If you were mountain climbing at a time of day when the sun was low and behind you, and if you climbed high enough to look down into an evening mist settling in below you, you might witness the shadowy figure of what is referred to as a Mountain Spectre or Brocken Spectre, like these three photos from Ireland.
I have yet to witness this remarkable phenomenon, due mostly to my habit of being sure that after I summit a peak I am headed back down by noon to avoid electrical storms. Some day I will have to climb late in the afternoon, planning to spend the night on the summit, and hope I am fortunate enough to experience a Mountain Spectre.
Essentially, a Mountain Spectre is your own shadow that you see, cast on the surface of the mists below, surrounded by a wonderful, yet mysterious halo-like rainbow-colored ring of light. The sun must be behind you. You’re seeing your shadow projected in front of you, through the mist.
The Brocken Spectre is a type of what is called a Glory. Glories are often seen by air travelers, who see the shadow of their airplane cast on clouds below. The airplane’s shadow will be moving along on the cloud tops, as the plane speeds through the air. It’ll be surrounded by a rainbow-like halo of light. It is the same thing with a mountain glory, or Brocken Spectre. You’ll be standing with the sun at your back, gazing at your own haloed shadow cast on fog.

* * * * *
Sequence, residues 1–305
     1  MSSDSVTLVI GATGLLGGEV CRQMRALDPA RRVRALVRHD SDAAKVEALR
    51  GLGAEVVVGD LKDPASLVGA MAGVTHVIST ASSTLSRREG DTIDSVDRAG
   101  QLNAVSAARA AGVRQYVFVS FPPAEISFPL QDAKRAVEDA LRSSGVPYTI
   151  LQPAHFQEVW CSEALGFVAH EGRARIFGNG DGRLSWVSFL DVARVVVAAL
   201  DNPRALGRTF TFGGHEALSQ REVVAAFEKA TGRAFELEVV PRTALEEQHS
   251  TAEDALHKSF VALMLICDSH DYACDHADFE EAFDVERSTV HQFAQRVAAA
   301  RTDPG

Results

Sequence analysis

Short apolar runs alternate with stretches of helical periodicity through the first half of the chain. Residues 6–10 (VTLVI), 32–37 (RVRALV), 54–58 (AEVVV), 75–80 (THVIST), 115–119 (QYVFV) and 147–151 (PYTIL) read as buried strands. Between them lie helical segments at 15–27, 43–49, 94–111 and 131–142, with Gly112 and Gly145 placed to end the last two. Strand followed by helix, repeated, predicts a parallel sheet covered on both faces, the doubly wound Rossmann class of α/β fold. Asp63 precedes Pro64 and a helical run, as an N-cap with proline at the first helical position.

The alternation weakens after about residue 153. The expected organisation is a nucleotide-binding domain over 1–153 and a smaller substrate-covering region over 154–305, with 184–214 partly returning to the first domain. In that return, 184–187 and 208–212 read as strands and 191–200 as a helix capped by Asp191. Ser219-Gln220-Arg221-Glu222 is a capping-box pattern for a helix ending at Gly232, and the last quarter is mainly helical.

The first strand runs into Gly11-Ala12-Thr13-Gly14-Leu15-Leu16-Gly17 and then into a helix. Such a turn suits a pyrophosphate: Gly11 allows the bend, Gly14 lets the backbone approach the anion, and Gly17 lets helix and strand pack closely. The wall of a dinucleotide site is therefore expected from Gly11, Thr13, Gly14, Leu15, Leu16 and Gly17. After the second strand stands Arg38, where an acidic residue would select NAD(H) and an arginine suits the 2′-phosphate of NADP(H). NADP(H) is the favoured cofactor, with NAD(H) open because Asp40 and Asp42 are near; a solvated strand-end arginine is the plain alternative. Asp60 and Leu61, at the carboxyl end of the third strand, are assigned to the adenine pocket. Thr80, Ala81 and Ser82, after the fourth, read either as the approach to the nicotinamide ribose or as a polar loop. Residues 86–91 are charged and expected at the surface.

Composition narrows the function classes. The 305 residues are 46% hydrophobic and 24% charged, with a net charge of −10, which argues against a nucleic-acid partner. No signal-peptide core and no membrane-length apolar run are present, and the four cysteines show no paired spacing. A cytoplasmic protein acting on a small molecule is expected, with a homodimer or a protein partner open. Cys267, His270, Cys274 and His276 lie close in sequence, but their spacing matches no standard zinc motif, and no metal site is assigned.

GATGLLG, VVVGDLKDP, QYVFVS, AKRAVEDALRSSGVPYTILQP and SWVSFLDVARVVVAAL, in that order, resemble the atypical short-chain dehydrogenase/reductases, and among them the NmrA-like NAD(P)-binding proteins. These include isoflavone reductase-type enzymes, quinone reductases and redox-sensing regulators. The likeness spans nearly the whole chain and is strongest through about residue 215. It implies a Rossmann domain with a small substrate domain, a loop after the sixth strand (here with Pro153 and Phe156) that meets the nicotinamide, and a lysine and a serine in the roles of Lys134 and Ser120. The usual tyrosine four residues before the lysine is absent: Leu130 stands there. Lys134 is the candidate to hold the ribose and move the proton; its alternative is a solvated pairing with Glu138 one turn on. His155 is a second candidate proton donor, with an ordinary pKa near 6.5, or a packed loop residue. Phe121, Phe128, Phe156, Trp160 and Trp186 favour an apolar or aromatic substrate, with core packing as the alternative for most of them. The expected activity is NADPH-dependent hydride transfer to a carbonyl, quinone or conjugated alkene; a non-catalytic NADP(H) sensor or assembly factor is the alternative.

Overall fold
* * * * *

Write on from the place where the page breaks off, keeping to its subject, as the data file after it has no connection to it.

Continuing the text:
The spectacle takes its name from the Brocken, a peak in the Harz Mountains in Germany. This region is known for frequent fogs. Johann Silberschlag, a German Lutheran theologian and natural scientist, is said to have first described the Brocken Spectre in 1780. It has since figured in stories about the region and elsewhere.
At times, your shadow in a Brocken Spectre will appear enormous, but this is an optical illusion. At his great website Atmospheric Optics, Les Cowley explains why the shadow of the Brocken Spectre can appear so huge: “The spectre sometimes appears to be huge. This is probably caused by the presence of the glory and the mist obscuring more familiar reference points with which to judge its size.